Warner School of Education at the University of Rochester logo in the print header
Page link printed 11/19/2017



Affiliation: Alumna

Program: MS, Human Development (formerly Educational Psychology)

Employment: Senior Vice President of Consumer Affairs at Wegmans
Mary Ellen Burris

 

Mary Ellen Burris

Trust from customers takes many forms, and is a critical success factor in any enduring corporation. Mary Ellen Burris, an entrepreneur at heart, has been instrumental in setting the tone for success at Wegmans Food Markets.

When Mary Ellen Burris, senior vice president of consumer affairs at Wegmans, joined the supermarket chain 37 years ago, she took her knowledge of human development and education into the corporate world to help build a company that has become very successful today because of its attentiveness to and focus on customers.

“Adapting our practices to the changing needs and concerns of consumers is very important to the growing success of the company,” she says.

In addition to earning the trust and respect of Wegmans shoppers, Burris has also had a dramatic effect on the health and well being of millions of families’ shopping habits along the east coast.

Burris has been a powerful advocate for consumers since joining Wegmans in 1971. Today, she continues to represent the voice of customers for Wegmans, which has been consistently named one of the ‘100 Best Companies to Work For’ by FORTUNE magazine for 11 consecutive years, ranking #1 in 2005 and #3 in 2008.

Burris began her career at Wegmans shortly after completing her master’s degree in educational psychology, now human development, from the Warner School of Education, formerly the College of Education. Prior to joining and creating the consumer affairs position at Wegmans, she worked for Cooperative Extension in New Jersey and later in upstate New York for a number of years. Before that, she was an educator in a New Jersey school, teaching food and nutrition for two years.

With customers and stores throughout the east coast—including New York, Pennsylvania, New Jersey, Virginia, and Maryland, and soon to be expanding into new states—Burris leads all of Wegmans customer communications out of the company’s Rochester, New York headquarters.

After listening intently to consumers’ needs over the years, Burris has made it her priority to work inside the 71-store supermarket chain to help make the shopping experience better from within rather than teaching people how to accommodate to what already exists in the supermarket.

Burris can be found devoting her time to addressing concerns of rising food prices, food safety and quality issues, the obesity epidemic, and business practices that impact the environment, people, and the company.

“The most significant challenge today is food safety,” Burris says. “The endless recalls have made it obvious that identifying the root causes of contamination and tracing back to the source is very difficult.”

She also focuses much of her attention to helping people find ways to live healthier, better lives through the Wegmans eat well. live well. program, part of which is the challenge, an eight-week program that she helped initiate to motivate people to make healthy everyday food choices and find balance in their busy lives.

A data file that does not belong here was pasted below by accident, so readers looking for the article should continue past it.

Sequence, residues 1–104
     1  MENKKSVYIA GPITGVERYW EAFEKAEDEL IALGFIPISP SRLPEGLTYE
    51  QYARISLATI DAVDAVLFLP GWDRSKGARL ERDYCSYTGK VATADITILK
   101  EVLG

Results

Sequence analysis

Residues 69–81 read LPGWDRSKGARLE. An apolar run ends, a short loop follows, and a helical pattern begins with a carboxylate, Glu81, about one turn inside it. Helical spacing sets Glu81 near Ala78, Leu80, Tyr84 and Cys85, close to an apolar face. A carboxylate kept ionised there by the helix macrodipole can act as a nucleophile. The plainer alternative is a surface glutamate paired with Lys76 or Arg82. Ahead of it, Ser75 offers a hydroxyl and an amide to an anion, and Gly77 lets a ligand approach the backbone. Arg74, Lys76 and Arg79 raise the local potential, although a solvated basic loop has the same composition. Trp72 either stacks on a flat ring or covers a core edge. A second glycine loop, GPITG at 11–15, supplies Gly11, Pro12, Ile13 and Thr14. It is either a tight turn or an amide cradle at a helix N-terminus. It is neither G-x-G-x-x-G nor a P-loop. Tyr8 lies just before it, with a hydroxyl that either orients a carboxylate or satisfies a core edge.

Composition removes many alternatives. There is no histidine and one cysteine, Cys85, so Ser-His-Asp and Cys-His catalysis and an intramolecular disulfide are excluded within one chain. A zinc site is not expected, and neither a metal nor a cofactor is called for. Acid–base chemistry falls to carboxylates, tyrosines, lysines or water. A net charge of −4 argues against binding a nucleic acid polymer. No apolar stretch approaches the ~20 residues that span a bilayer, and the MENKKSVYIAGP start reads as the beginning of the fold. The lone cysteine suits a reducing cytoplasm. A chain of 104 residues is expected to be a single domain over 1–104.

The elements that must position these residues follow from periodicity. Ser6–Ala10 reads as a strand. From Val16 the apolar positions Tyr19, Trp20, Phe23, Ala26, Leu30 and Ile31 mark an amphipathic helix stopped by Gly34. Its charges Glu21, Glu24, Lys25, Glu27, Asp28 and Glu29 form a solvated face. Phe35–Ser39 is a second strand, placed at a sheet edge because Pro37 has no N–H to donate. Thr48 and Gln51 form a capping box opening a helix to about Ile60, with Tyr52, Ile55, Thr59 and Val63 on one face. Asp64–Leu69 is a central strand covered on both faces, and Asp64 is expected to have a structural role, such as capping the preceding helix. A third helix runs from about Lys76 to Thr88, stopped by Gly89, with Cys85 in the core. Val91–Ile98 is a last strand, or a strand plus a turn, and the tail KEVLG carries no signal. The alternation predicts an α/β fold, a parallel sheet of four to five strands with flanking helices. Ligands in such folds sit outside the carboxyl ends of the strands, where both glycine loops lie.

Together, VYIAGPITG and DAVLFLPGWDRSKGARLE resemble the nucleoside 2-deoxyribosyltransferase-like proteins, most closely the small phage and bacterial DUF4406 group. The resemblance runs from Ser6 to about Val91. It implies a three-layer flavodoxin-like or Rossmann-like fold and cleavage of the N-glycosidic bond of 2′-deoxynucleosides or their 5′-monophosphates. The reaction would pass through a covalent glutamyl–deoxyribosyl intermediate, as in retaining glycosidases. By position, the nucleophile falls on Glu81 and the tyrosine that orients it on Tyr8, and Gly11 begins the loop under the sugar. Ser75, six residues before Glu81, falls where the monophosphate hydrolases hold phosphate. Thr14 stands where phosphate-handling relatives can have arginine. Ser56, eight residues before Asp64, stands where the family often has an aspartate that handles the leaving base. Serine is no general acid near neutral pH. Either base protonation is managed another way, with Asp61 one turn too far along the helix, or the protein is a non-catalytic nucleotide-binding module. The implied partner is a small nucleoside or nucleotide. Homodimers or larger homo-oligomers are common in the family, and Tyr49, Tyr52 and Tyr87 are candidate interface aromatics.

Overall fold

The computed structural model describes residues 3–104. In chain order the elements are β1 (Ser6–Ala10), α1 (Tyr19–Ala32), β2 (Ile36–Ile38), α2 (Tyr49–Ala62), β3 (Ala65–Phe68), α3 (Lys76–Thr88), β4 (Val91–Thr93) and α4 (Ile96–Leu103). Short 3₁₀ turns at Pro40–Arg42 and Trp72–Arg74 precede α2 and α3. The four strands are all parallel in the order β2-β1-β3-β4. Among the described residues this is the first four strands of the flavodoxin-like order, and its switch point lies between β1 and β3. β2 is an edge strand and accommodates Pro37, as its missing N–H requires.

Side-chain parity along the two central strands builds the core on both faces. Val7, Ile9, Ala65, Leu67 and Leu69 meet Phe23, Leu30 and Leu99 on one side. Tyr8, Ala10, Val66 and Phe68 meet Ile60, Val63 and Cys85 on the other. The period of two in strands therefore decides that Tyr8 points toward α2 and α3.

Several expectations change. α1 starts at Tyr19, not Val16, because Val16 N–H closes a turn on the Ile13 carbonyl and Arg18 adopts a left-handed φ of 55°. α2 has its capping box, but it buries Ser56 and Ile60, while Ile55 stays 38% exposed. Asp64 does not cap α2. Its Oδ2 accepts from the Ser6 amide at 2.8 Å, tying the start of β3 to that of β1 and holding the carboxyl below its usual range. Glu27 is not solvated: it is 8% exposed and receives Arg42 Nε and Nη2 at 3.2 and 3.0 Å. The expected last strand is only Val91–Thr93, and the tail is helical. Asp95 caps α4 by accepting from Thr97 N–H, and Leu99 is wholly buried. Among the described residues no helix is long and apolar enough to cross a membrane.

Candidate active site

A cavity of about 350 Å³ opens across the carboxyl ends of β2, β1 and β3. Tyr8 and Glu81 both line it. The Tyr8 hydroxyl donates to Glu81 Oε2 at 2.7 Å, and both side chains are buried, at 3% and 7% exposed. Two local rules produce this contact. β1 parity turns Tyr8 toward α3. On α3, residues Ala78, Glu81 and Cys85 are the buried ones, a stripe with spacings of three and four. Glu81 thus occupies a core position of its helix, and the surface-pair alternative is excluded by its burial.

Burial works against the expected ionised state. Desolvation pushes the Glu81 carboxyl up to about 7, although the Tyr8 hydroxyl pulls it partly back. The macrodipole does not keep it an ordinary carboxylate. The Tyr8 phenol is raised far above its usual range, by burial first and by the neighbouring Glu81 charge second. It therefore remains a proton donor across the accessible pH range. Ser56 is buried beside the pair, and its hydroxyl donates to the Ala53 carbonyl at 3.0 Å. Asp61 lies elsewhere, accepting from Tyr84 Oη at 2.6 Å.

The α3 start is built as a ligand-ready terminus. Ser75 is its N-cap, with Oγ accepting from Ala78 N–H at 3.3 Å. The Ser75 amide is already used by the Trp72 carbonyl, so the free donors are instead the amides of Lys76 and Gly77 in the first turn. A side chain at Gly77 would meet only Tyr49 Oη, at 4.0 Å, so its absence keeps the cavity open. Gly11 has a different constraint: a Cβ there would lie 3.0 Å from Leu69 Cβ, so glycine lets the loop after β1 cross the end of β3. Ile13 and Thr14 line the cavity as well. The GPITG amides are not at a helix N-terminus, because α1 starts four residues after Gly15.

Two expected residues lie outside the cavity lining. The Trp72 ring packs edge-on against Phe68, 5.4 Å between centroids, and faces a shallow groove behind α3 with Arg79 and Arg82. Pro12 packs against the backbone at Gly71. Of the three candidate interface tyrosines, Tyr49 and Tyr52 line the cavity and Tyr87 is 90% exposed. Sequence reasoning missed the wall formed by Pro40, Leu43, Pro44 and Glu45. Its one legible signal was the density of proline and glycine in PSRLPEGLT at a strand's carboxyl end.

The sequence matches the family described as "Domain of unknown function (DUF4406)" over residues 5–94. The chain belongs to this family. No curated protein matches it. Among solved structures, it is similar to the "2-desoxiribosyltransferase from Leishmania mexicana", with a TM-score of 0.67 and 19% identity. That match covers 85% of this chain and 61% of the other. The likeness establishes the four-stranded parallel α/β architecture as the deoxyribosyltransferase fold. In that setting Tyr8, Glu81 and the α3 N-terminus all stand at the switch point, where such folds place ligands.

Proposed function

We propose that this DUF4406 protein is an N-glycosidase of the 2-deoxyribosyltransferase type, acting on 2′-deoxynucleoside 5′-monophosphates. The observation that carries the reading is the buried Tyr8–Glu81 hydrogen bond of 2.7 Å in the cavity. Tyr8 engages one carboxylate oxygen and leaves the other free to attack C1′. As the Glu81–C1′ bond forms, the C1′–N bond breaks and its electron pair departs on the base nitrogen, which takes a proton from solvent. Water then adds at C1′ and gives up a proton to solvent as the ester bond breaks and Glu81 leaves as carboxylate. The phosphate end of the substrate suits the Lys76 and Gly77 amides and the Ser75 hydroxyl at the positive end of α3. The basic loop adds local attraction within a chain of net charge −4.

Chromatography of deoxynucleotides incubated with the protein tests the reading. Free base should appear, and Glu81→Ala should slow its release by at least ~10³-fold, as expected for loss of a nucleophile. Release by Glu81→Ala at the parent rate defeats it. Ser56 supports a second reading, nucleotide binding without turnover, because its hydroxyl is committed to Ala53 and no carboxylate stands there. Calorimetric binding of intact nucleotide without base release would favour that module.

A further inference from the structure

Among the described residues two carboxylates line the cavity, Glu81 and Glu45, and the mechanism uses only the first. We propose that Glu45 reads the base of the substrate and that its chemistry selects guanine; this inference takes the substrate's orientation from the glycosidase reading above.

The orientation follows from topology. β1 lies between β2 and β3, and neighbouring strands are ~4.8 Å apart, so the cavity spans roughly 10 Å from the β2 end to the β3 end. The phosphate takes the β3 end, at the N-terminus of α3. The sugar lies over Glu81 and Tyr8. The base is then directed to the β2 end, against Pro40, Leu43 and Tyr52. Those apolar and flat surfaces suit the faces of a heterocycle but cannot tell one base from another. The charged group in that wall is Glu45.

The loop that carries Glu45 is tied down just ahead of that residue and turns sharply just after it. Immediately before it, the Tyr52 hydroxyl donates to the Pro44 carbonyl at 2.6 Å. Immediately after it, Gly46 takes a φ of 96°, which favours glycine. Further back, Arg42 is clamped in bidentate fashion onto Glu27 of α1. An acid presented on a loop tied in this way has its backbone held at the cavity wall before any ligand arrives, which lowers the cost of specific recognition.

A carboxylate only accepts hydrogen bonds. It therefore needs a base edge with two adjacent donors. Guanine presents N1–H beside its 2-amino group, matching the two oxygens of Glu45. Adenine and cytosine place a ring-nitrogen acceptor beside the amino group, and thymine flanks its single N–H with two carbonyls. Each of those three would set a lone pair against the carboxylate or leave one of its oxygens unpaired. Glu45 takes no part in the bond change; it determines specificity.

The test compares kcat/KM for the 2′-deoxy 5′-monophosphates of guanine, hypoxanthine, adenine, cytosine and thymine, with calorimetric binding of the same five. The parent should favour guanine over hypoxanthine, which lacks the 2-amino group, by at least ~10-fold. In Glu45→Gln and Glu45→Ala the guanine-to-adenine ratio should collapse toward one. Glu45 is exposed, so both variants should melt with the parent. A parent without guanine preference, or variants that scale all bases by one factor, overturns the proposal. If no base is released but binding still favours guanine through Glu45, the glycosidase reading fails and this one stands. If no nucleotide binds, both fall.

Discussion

In her leadership role, Burris oversees all of Wegmans customer communications, which includes community relations, media relations, food safety and quality assurance, as well as the company’s nutritionists and registered dieticians. Few supermarkets have the customer focus that Wegmans does. Leading a department that is a relentless reminder of the customer has been a part of her growing success within the company. Her weekly column in Wegmans ad has helped shoppers learn about what goes on behind the scenes to provide the products and services that make the stores a great place to shop.

Wegmans set its goal to be the very best at serving the needs of its customers, and Burris recognizes that this success must be ignited from within. “We have to be sure that we are modeling care and respect, that we are empowering our people, and that we are making a difference in every community that we serve,” she explains.

An enormous effort has gone into having Wegmans employees understand what the company’s values are and how deviating from them will not lead to success.

“When your basic philosophy is that you can’t be the best at serving the needs of your customers unless you fulfill the needs of your own people, then leadership is about being sure that you’re in fact setting a vision and identifying and developing your people,” she says. “The critical factor for me is feedback—it’s listening and responding to the needs of your own people. And, that’s easy to do at Wegmans because it’s at the heart of our philosophy.”

Education is a part of Burris’ life, not surprising since her background is in education. In addition to sitting on the Warner School Dean’s Advisory Committee as an at-large member, she also finds herself frequently applying her background in education to her current career at Wegmans.

“Understanding why people do what they do has been hugely important in a job that requires you to understand the motivations and the behavior of the customers and buyers, as we call them,” she says. “Consumer affairs is like sitting on a fence. You are the place where the customer meets the company and sometimes the desires are not common so understanding human behavior and looking at things from not just two sides, but all sides, has been really critical to this role.”

(Published July 2008)



Tags: human development